On a Friday night in November a group of us from work left early, taking a minibus to Izu Peninsula, more specifically the resort of LaForet. The views of Fuji san on the way were great, with the sun setting. After arriving we settled into our room and freshened up in the Onsen (natural Japanese hot baths) with the other women.
The men were in a separate building a short drive away and a resort minibus took us to join them for dinner. We had a very traditional Japanese dinner with entertainment provided by ourselves, viola playing, dancing and even some comedy (mostly lost on me as no translation!).
The food was amazing and served in a traditional tatami room. Many of my (Japanese) colleagues talked about how they had never had such a traditional meal so I was honoured to have had the opportunity. The night was a lot of fun.
The next day I went for a short run before breakfast and then a group of us visited Shuzenji Onsen 修善寺 nearby. It was lovely, lots of shrines and autumn colours and a fabulous bamboo corridor to walk through. We ended our visit with some great soba noodles for lunch before returning to Tokyo.
I learnt from my Japanese friend Chiba San all about the birthday today (23.12.1958) of Tokyo Tower. Here are some great photos that he shared:
No Christmas decorations for me this year (other than the public ones all around!). Instead I bought some Japanese New Year decorations including a sheep to mark the start of the year of the sheep on the 1st of January.
From Chris Winter (Namban Member):
On Sunday I took part in the Okutama Ekiden – a very traditional Japanese running event.
For a great and comprehensive description of Ekidens and their history please see the following article on Running Japan News written by Bret a member if Namban running club.
It was an early start to the day to travel to Okutama in the west of Tokyo Prefecture. There were 4 teams of 3 women and 3 teams if 5 men. The Ekiden is a relay race, traditionally (and in this case) run between eki (駅stations). This means after getting ready the first task is to take a train to your starting station. As I was on the final, 3rd leg, and the race finished near where we were based I didn’t have far to go. Also as we had a few teams and several supporters it wasn’t a lonely wait!
The team I was in came into the change over in the second half and the last of the 4 Namban teams. I took off quickly, probably a little too fast but I was spurred on by all the people who had already left, the long wait and my good performance last weekend! I managed to overtake 6 runners in total in the 3.9km run. It was hard – I normally run longer distances so the speed was a good test but my 8 months of training on the track I’m sure helped and I was pleased with my overall pace of 4:19 per km.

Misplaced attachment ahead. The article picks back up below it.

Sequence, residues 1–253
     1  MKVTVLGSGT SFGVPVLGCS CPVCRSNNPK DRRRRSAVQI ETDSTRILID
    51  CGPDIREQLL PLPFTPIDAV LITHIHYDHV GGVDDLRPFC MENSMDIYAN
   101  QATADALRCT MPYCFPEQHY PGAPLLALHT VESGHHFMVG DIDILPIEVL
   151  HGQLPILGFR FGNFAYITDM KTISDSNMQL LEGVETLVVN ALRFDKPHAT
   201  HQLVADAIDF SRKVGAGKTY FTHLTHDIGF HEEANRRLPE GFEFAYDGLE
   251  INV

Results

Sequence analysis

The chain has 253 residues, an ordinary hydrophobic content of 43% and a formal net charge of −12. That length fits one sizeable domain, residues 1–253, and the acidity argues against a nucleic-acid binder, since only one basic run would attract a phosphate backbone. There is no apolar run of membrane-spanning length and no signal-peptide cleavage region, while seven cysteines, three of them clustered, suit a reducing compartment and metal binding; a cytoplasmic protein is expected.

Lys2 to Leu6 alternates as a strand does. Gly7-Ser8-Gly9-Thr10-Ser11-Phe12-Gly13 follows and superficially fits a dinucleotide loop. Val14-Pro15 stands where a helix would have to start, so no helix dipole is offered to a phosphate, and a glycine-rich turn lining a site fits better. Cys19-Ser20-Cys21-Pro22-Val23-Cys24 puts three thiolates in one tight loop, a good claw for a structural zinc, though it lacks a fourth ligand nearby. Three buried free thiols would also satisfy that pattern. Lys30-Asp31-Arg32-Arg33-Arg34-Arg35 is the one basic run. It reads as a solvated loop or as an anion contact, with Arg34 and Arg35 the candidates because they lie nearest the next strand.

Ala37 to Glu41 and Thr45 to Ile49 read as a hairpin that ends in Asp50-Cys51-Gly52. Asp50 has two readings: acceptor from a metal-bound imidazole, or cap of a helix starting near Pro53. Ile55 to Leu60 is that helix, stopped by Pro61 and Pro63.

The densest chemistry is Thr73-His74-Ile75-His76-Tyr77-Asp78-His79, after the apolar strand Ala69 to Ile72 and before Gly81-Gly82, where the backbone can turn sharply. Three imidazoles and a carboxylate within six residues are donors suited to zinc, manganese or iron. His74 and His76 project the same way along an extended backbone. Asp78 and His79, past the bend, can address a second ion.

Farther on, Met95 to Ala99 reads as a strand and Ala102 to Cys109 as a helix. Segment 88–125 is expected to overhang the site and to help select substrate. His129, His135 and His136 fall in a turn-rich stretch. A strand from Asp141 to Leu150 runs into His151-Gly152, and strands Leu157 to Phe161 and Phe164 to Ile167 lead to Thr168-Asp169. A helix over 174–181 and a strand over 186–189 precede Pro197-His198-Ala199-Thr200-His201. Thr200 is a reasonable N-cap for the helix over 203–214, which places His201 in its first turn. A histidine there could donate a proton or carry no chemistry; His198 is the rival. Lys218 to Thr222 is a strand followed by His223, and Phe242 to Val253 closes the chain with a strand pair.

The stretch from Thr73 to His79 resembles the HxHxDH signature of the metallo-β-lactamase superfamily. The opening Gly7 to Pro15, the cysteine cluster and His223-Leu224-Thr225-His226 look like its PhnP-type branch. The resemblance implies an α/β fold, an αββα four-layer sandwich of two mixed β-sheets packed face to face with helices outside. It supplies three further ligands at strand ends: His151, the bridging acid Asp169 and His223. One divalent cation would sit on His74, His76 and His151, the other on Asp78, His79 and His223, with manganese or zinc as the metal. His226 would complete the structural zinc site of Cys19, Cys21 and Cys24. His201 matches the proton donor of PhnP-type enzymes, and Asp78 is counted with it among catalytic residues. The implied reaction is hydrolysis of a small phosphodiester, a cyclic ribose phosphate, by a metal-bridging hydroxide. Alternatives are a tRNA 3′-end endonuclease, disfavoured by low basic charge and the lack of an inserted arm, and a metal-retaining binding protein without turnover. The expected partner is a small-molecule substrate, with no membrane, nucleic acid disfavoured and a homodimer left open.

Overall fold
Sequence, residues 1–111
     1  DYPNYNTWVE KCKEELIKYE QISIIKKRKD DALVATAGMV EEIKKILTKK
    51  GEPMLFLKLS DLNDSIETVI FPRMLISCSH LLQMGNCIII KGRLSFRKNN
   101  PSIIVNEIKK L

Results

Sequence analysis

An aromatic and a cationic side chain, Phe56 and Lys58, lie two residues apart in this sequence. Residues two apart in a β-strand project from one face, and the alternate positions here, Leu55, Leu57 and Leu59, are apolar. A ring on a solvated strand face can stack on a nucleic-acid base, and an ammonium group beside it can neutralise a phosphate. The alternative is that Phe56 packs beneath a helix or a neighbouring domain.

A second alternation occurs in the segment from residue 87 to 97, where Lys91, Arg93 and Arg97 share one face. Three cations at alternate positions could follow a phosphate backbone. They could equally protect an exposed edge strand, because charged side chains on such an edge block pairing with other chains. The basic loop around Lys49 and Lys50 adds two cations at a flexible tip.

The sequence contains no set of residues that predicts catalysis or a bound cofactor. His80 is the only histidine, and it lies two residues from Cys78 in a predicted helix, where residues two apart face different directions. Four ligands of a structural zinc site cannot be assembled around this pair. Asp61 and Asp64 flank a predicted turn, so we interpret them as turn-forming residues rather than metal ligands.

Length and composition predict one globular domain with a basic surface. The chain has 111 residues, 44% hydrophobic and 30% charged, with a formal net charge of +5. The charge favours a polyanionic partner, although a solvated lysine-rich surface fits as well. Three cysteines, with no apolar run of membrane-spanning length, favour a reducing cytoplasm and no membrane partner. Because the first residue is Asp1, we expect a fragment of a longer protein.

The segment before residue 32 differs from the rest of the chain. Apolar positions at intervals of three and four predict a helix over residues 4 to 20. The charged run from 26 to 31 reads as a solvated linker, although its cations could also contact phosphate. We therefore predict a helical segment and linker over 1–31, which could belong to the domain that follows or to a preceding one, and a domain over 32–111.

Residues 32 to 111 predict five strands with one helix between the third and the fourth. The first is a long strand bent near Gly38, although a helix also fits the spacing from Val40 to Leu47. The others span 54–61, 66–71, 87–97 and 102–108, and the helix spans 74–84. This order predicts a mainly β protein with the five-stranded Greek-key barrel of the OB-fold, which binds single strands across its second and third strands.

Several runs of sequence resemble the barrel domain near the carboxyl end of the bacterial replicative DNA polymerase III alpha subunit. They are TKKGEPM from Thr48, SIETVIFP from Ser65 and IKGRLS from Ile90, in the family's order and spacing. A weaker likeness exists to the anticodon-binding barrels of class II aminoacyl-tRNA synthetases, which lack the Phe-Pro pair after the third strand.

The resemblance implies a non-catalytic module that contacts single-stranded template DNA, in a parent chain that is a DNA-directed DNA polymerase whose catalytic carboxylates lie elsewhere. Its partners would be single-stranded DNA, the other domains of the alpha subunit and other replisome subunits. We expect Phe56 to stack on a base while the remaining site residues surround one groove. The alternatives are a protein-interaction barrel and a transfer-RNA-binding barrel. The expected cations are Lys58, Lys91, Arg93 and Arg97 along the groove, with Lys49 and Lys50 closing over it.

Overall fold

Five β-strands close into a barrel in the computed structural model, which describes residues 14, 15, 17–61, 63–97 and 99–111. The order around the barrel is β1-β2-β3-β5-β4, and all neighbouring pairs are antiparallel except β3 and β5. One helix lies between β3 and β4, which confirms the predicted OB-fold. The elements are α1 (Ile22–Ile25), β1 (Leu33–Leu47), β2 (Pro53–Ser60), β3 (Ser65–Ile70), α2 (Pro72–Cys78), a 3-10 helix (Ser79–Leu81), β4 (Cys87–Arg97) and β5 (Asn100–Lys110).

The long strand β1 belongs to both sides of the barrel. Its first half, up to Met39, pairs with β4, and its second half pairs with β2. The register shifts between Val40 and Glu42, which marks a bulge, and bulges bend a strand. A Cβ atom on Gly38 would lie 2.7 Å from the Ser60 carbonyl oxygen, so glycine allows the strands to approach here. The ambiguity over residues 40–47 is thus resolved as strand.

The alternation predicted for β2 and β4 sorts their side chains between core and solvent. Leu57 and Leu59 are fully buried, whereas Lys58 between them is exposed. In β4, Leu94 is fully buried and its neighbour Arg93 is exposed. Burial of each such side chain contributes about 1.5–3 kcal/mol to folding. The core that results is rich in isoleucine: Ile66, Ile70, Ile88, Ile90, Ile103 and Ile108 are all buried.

The aim of the run is to get the Sash from start to finish. The sash gains the sweat of all of the runners and gets more significance than the baton in a normal relay race. If a previous runner is too slow then the next runner must start without the sash replacing it with a white sash – this is a failure! Fortunately the women’s race was too short so there were no white sashes – I saw quite a few of the last men with them.
It’s very traditional and traditionally timed – no chips here! So we have to wait about 6 weeks for the results for them to be written down, typed up, printed out and posted to the team organisers!
I include some pictures below of the officials at my hand over point marking out the road and all in uniform.
The race attracts the best university and school runners – Japan’s young elite so it was an honour to take part and to see some impressive runners.
Just over the finishing line – almost beaten at the line (I didn’t know there was another runner right behind – Jenene was shouting at me to go faster so fortunately I picked up the pace!) and I think I just made it!
I was in business in China last week and extended my stay to visit a colleague to take a short trip to the Great Wall. It was really good even if the pollution level was high and so the views were not extensive. The wall is 5000 km long which if straight would be take a person half way between Tokyo and Paris!
It’s actually very twisted with plenty of ups and downs with many steps and slopes and different towers along the edge.
We visited the wall at Mytianyu about an hours drive from my colleagues’ house near Beijing. It was an interesting experience in integrated transport with a cable car trip up to the wall and a toboggan ride back down!
We walked about 5k along the wall – we didn’t have a lot of time as we had to be back in Beijing for my flight home, for ballet practice and for a performance of Grease! But I got a really good feel for the wall and the extent of it.
It was very cold – around freezing and as I’d packed for a business trip I didn’t have the best clothes. Fortunately I’m in training for the Yokohama marathon so had my running gear so managed to double layer with compression leggings and jeans and 2 jackets thanks to a quick purchase of a thin down jacket in the airport on the way out which I haven’t had off in China since buying! It’s great for under my normal coat.